The New York Times reports on the first civil trial against prescription opioid manufacturers: “If Oklahoma is not ground zero for the emergency, it’s “certainly close,” Mr. Hunter said recently during a panel on opioids at the Bipartisan Policy Center in Washington. Between 2015 and 2018, he said, there were 18 million opioid prescriptions written in a state with a population of 3.9 million. In a 15-year period, overdose deaths increased 91 percent… Oklahoma, a largely rural state whose medical, social welfare and criminal justice systems have been ravaged by opioid addictions and deaths, has “home court advantage,” Ms. Burch said. But the case is hardly a slam-dunk. The challenge in all opioid cases is how to closely tie each defendant to the carnage. In its attempt to frame that narrative, Oklahoma is relying on just one legal theory, which itself has an uneven record. The theory — that J & J violated public nuisance law — is also being raised in the first federal cases to go to trial in Cleveland, Ohio, currently set for Oct. 21.”
Texas lawmakers passed a state budget that includes $1 million for a public safety campaign on safe gun storage.
Salesforce has implemented a new policy that prohibits businesses that use its sales platform from selling military-style weapons, an approach described by the Washington Post as “bringing software to a gun fight.” “The change in Salesforce’s acceptable-use policy shows how a technology giant that is mostly unknown to the public is trying to influence what retailers in America sell and alter the dynamics of a charged social issue. While Salesforce is hardly a household name, it is a dominant provider of software and services that help businesses manage their customers. With roughly 40,000 employees and a market value of nearly $120 billion, it has become a behemoth in San Francisco. Its branded skyscraper also towers over the city as the tallest building and a major landmark.”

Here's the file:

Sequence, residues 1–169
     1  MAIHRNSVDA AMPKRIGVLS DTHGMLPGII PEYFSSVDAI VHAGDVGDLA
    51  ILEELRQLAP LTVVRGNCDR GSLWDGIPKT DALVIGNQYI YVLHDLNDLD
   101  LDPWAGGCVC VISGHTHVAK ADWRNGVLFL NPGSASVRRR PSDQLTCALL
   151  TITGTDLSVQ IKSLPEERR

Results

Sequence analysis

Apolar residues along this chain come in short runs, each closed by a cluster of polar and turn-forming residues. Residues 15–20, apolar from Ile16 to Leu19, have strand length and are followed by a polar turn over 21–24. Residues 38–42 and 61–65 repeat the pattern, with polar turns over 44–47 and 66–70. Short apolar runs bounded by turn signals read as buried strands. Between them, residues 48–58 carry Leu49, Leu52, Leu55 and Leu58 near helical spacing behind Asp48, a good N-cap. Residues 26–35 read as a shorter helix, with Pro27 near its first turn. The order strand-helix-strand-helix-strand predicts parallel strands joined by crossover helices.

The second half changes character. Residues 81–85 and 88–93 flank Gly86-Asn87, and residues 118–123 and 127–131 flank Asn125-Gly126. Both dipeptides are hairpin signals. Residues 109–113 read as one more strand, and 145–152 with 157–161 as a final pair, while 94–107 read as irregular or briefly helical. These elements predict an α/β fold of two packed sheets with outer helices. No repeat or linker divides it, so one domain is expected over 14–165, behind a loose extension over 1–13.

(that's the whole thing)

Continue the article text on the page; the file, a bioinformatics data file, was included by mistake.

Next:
This piece by PI's Christine Williams and Wil Crary, featured in Mental Health America's blog, describes how KVIBE, an instructional bike exchange in Honolulu, supports the mental health and wellbeing of men and boys by addressing community needs like social cohesion, a sense of belonging, and physical activity.